6. 6. "Achieving pragmatic competence involves the ability to understand the illocutionary force of an utterance, that is, what a speaker intends by making it. This is particularly important in cross-cultural encounters since the same form (e.g. 'When are you leaving?') can vary in its illocutionary force depending on the context in which it is made (e.g. 'May I have a ride with you?' or 'Don't you think it is time for you to go?')."(Sandra Lee McKay, Teaching English as an International Language. Oxford Univ. Press, 2002)<br />"When I say 'how are you' to a co-worker, I really mean hello. Although I know what I mean by 'how are you,' it is possible that the receiver does not know that I mean hello and actually proceeds to give me a fifteen minute discourse on his various maladies."(George Ritzer, Sociology: A Multiple Paradigm Science. Allyn & Bacon, 1980)<br />
  7. 7. Perlocutionary act<br />Perlocutionary act<br />Definition:<br /> A perlocutionary act is a speech act that produces an effect, intended or not, achieved in an addressee by a speaker’s utterance.<br />Examples Here are some examples of perlocutionary acts:<br />Persuading<br />Convincing<br />Scaring<br />Insulting<br />Getting the addressee to do something<br />
  8. 8. Conceptual and associative meaning<br />Conceptual<br />Conceptual: it covers basic meaning or essential components of the word, the literal meaning of a word.<br />Example: “needle”, means thin, sharp, steel instrument.<br />Associative meaning: linking the word with ‘pain’, ‘illness’<br />
  9. 9. Exercice<br />Give the conceptual and associative meanings for the following words:<br />Alcohol:<br />Gambling:<br />Drugs:<br />House:<br />
  10. 10. Semantic features<br />Consider the following examples:<br />The hamburger ate the boy<br />The table listens to the radio<br />The horse is reading the newspaper<br />What do these sentences share in common?<br />
  11. 11. These sentences ate not semantically correct.<br />NP V NP<br />The hamburger ate the boy<br />The sentence is syntactically good, but semantically odd. WHY?<br />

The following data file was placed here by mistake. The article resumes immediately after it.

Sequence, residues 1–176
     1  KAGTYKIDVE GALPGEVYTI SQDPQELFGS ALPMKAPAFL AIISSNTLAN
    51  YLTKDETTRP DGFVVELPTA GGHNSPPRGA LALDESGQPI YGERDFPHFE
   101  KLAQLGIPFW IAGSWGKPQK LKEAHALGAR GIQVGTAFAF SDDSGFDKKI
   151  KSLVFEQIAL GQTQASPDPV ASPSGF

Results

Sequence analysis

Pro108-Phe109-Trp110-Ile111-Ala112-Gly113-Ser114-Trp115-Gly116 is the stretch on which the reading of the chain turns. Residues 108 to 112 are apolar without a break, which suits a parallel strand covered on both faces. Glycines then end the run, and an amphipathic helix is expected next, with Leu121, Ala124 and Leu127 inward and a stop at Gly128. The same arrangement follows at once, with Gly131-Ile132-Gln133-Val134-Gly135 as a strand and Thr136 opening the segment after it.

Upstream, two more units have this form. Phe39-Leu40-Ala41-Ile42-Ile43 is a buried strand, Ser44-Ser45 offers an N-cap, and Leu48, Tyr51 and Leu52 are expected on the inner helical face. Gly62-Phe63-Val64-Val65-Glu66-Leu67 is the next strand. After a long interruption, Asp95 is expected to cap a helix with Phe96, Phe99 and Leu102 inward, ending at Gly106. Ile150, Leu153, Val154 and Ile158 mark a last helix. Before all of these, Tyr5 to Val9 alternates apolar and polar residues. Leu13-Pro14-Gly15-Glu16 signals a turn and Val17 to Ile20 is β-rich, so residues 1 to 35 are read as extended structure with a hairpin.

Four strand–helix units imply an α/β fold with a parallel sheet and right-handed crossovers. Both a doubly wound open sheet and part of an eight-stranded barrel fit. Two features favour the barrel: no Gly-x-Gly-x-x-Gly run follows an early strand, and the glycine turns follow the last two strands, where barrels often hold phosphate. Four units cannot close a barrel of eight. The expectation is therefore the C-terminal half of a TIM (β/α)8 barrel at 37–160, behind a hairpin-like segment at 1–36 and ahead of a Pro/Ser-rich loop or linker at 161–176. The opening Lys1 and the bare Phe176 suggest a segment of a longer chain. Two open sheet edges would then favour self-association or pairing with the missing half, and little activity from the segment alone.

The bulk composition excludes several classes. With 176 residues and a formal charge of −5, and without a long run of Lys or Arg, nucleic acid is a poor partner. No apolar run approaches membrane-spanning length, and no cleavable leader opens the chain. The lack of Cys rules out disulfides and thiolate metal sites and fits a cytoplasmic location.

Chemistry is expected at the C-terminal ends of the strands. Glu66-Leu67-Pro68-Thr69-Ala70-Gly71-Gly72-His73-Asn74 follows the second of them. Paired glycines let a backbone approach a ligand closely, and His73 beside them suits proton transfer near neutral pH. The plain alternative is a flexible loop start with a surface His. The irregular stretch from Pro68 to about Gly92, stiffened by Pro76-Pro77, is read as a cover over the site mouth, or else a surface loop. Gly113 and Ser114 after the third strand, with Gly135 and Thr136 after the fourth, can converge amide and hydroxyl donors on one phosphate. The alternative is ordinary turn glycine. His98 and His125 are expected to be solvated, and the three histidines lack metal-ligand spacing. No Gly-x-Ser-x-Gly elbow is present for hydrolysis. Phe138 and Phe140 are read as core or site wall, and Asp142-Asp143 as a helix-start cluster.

12. 12. The noun hamburger does not have the same semantic property as the noun boy<br />To differentiate the meaning, we would choose the following criteria:<br />(+) animate: denotes animal or human<br /> and (-) for inanimate: denotes non-human, non-animal<br />
  13. 13. Semantic features<br />
  14. 14.
  15. 15. So what does this all mean?<br />Example:<br />The _____________is reading the newspaper.<br />The ‘doer’ of the action, in this case a noun, must have the following property in terms of semantic roles:<br />N [+human]<br />This method allows us to identify which sentences are semantically odd, or unacceptable.<br />
  16. 16. Exercices<br />Find the likely subjects in the following sentences:<br />The ------------------is driving the car.<br />I saw a -------------flying in the sky. (eagle)<br />I need a ------------to write this letter.<br />
  17. 17. Semantic roles<br />Instead of looking at words as containers of meanings, we can see them as having ‘roles’ fulfilling the situation the sentence is describing.<br />For instance: the boy kicked the ball. We see the verb ‘kick’ as describing an action, we can see the doer of the action, as agent.<br />